Reach out to a loved one you haven’t spoken to in a long time. Befriend the lonely. Confess your love.
Just say what you need to say.
Because this is what love in a time of COVID-19 looks like.
Write back soon.
Just a quick tutorial from one of my other favorite bald weirdos**:
*Please exercise all caution when sending letters or giving anything to anybody. Wash your hands often (please watch the above video for detailed instructions), use hand sanitizer in the absence of soap or if you touch anything, wear gloves (change gloves when contaminated) and masks, cough or sneeze into your shoulder instead of your hands, remain six feet away from other people at all times, do not go out if you can avoid it, and if you must go out, complete only what is necessary and return home.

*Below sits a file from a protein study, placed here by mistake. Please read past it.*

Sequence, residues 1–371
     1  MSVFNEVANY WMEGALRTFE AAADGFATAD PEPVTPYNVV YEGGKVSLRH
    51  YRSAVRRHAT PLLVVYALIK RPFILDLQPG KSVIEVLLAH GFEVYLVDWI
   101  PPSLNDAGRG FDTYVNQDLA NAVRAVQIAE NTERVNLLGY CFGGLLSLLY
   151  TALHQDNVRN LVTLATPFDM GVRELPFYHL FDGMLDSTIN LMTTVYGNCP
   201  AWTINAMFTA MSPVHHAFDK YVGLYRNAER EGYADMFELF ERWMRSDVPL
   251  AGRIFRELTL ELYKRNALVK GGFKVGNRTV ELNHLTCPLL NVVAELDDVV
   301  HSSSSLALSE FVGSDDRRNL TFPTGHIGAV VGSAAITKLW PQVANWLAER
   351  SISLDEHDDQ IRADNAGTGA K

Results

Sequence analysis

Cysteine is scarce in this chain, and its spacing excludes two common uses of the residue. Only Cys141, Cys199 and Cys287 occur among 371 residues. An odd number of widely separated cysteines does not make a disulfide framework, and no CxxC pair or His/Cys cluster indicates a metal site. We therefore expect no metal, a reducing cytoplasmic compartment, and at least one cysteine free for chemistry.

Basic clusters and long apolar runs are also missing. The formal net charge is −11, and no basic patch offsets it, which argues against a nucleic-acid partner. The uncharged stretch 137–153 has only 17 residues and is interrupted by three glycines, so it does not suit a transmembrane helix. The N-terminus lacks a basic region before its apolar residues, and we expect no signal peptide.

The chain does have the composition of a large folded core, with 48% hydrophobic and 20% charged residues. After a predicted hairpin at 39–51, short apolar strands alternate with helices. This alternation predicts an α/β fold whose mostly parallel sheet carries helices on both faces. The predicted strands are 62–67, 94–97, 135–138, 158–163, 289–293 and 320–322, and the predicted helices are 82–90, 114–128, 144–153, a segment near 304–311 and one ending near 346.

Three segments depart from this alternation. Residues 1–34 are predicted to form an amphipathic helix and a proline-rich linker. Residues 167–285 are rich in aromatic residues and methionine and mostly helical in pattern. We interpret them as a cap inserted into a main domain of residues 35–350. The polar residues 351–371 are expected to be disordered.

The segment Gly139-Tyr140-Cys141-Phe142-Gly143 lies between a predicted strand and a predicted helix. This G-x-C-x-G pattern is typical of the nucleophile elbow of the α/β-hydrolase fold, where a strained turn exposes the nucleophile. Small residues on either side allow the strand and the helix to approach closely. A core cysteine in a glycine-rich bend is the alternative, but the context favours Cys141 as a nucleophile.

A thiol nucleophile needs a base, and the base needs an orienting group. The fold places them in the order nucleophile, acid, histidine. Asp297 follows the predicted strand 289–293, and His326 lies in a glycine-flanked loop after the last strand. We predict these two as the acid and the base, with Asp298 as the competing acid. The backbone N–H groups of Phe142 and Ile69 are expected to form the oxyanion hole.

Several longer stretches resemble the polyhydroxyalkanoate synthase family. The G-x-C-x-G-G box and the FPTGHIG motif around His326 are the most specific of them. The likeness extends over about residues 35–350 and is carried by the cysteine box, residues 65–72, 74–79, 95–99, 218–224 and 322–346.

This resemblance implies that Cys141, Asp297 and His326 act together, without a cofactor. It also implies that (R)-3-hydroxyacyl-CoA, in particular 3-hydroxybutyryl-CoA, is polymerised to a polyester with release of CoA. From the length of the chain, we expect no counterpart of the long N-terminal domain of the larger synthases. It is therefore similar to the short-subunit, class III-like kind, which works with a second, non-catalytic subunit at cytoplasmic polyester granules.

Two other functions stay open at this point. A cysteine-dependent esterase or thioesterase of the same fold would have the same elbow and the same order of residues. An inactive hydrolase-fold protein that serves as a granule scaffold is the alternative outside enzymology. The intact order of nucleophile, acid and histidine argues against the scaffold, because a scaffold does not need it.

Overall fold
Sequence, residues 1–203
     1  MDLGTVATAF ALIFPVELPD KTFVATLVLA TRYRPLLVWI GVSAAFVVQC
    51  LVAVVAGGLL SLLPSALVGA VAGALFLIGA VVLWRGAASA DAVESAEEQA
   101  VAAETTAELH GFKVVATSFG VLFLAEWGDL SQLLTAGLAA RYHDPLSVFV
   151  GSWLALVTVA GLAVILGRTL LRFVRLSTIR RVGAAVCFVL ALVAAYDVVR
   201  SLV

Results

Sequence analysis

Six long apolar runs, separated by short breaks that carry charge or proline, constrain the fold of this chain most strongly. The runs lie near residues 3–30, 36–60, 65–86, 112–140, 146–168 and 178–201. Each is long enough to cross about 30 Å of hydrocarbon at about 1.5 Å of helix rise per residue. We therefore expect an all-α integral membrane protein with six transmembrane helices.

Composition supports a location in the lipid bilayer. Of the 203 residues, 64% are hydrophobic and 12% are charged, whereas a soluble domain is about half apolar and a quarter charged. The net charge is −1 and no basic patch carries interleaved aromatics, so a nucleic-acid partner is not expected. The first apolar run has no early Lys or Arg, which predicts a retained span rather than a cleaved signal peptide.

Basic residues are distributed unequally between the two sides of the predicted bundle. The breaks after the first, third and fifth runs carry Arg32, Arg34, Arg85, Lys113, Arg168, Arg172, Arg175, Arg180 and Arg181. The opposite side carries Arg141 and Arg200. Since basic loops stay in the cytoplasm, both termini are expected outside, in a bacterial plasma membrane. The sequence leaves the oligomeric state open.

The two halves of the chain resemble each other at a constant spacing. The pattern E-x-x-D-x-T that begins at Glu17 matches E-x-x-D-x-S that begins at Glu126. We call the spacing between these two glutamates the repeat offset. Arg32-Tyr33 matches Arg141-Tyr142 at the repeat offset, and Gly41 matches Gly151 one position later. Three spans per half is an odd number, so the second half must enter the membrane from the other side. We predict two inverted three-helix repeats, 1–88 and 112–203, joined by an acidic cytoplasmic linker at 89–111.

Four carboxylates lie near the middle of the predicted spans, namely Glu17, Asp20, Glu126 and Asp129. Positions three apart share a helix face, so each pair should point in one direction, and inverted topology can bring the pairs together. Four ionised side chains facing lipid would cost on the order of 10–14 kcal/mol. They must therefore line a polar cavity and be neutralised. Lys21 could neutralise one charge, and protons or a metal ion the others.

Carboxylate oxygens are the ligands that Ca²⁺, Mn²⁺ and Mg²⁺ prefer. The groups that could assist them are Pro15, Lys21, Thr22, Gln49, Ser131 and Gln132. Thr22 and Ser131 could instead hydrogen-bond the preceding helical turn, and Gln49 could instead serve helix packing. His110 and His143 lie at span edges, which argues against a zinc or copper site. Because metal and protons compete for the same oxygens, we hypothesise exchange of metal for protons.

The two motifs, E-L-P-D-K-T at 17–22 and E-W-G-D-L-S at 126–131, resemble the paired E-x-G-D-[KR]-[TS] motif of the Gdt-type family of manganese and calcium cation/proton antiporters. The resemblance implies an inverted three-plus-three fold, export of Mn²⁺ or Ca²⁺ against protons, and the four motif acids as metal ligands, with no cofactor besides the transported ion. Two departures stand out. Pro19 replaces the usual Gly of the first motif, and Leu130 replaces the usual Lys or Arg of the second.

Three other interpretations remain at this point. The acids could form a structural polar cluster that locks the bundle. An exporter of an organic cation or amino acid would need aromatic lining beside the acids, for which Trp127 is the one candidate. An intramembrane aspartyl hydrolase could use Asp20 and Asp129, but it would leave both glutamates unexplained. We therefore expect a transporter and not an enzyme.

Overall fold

**I don’t know what it is with me and bald weirdos. Maybe their funny bones grow stronger with every hair follicle they lose.
3 thoughts on “The Envelope Is Mightier Than the E-Mail”
Thanks, Stef. Just email me an address where I can send a letter. Oh, you’ll get a letter.
the Scarlet Letter “A” is no longer a condemnation, but an
Thank you for the inspiring post.
As a member of the Poetry Postcards for the precise reason of people saying as you did
“It would be nice to open something other than a bill” … in this new enviroment of
hunkering down at home, ( for me… with my cat ! ) the lack of a daily routine that
triggered moments of writing, procrastination seems to have made a home in my spirit.
Foreward and Onward, it’s off to the post cards and the post office I will go.
Peace be with you … and be safe